Jump to Section
Need help with a Triple Net Lease?
Triple net leases are a unique arrangement for commercial property owners and tenants. Rather than leave maintenance costs up to landlords, tenants help offset these costs in exchange for lower rent and the ability to personalize their spaces. In short, it is a win-win for both parties in specific situations.
In the post below, we discuss what you should know about triple net leases:
What is a Triple Net Lease?
Triple net leases, also called NNN leases, are legal contracts between a lessor and a lessee. In the agreement, the lessee tenant pays rent and a pro-rata share of operating costs, including taxes, insurance, and common area maintenance (CAM). A NNN lease is most commonly used for commercial real estate transactions.
What’s Included in a Triple Net Lease?
The various clauses in a triple net lease are complicated. It is essential that you understand what you are signing or offering. This strategy can make the difference between a space and agreement that meets your specific needs and one that quickly becomes restrictive.
The following contractual provisions are typically included in a triple net lease:
A use clause specifies how a tenant may use the leased space. It is critical to ensure that the terms are consistent with the tenant’s operations. Otherwise, this situation can result in early termination or bad faith disputes between the lessor and lessee.
A term clause in a triple net lease specifies the lease’s duration and includes the commencement date, expiration date, and, in some cases, any renewal options. Before signing, it is in your best interest to take a realistic look ahead to determine the space’s future viability concerning the company’s anticipated growth.
A rent clause may include factors other than the amount due each month or quarter. Automatic rent increase mechanisms, for example, could be included in a rent clause, which could have a significant impact on the tenant’s financials over the lease’s term.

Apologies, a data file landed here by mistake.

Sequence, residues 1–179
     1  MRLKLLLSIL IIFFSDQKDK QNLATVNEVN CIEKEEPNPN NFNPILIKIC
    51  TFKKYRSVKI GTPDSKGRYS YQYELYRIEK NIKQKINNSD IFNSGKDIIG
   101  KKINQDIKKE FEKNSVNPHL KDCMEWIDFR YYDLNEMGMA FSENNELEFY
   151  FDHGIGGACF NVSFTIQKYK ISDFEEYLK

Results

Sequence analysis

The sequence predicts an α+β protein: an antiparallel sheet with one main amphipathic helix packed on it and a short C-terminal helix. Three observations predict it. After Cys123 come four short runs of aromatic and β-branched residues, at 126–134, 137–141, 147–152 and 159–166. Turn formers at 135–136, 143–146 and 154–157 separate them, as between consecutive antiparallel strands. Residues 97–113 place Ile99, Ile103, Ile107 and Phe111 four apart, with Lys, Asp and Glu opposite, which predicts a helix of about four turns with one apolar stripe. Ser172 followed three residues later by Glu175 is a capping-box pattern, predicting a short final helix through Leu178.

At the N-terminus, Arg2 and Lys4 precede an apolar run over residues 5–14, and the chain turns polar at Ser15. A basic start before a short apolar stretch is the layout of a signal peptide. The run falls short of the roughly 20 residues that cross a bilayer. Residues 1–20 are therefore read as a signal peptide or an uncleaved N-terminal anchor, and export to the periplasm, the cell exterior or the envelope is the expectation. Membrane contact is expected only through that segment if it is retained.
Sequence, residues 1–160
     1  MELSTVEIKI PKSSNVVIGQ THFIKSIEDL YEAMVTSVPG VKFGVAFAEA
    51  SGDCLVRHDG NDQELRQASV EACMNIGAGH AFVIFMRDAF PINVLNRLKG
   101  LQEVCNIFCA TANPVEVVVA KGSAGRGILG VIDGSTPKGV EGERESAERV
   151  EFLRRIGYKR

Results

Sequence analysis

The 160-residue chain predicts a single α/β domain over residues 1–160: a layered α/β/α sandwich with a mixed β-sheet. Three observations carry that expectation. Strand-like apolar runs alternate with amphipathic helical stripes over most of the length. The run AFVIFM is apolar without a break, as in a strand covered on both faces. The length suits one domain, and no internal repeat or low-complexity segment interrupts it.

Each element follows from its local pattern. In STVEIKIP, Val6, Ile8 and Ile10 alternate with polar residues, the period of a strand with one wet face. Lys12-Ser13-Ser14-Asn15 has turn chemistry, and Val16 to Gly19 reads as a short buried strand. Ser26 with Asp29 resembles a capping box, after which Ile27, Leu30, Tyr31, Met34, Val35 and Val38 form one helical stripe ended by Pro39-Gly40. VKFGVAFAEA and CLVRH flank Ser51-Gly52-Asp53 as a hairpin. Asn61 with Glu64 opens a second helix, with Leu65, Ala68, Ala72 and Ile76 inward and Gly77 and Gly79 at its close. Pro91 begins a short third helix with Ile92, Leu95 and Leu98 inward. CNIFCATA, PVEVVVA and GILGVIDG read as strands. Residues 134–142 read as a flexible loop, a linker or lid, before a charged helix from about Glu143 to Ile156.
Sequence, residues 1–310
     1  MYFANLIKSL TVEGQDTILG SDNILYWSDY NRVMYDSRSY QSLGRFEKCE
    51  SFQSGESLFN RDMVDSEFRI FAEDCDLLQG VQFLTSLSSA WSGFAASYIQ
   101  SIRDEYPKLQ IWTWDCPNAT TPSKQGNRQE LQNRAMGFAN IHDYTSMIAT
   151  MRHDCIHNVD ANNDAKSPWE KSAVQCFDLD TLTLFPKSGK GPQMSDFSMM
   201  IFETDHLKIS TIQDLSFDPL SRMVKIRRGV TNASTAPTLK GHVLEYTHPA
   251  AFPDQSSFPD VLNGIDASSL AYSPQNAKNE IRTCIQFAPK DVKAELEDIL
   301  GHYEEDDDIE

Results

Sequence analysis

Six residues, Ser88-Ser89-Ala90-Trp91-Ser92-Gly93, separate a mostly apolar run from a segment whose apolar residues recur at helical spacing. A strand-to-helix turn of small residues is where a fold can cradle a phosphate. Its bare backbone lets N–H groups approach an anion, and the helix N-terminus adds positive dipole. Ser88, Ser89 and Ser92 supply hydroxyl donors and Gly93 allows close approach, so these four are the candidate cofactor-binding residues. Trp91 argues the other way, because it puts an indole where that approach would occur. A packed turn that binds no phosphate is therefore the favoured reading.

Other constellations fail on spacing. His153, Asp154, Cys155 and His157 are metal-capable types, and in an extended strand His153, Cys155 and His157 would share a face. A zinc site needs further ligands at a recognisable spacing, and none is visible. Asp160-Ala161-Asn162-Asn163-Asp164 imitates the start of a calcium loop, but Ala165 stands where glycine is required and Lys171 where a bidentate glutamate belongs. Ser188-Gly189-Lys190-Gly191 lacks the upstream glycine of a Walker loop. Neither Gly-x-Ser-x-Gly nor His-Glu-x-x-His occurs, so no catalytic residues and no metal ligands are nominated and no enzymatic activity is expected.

Pro-Rata Operating Costs
In a triple net lease, tenants pay extraneous expenses to the landlord or lessor in addition to rent. The pro-rata operating costs cover the building’s property taxes, insurance, and common area maintenance. Typically, the landlord will calculate payments based on a division of annual expenses and total rental square footage in the building.
Here is an article that goes further into triple net leases.
How Triple Net Leases Work
A triple net lease works by a commercial property owner leasing a building or space to a tenant. However, instead of including all taxes, insurance, and common area maintenance (CAM) in the rent amount, the tenant pays an equal portion based on square footage. This outcome contrasts traditional commercial lease agreements where the landlord is either responsible for these costs or passes them along to tenants at a higher rate and with fewer options.
Common Area Maintenace
Common area maintenance, or CAM, is a “catch-all” term that refers to other operating costs beyond insurance and taxes.
Examples of CAM costs include the following:
- Landscaping & lawn maintenance
- Maintenance of the exterior
- Parking garages and lots
- Security features
- Snow removal
In many cases, property management and accounting costs are the tenants’ responsibility in a NNN lease. How you choose to structure your agreements depends on several factors, including geographic region, industry, building size, building use, and more. You should seek legal help if you need advice when drafting this type of agreement.